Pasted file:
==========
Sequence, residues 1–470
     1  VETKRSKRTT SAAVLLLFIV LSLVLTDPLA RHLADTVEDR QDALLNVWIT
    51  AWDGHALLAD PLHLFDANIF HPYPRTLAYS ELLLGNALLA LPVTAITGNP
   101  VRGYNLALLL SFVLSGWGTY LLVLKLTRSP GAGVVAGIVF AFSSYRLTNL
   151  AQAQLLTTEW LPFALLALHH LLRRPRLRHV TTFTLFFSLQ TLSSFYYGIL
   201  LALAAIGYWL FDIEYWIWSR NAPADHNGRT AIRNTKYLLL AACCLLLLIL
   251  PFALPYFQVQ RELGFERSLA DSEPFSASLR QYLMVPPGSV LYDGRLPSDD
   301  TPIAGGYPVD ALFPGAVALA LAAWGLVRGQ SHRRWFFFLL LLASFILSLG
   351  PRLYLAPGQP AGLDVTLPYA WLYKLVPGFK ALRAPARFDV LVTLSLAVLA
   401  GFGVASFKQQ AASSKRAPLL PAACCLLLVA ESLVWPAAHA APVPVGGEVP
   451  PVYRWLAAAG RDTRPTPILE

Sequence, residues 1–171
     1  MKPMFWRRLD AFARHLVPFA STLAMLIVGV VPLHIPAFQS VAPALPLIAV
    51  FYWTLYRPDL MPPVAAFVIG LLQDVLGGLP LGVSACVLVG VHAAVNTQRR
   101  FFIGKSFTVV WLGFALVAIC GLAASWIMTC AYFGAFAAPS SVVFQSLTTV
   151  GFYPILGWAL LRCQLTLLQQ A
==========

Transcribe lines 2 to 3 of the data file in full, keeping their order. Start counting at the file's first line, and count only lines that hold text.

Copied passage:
     1  VETKRSKRTT SAAVLLLFIV LSLVLTDPLA RHLADTVEDR QDALLNVWIT
    51  AWDGHALLAD PLHLFDANIF HPYPRTLAYS ELLLGNALLA LPVTAITGNP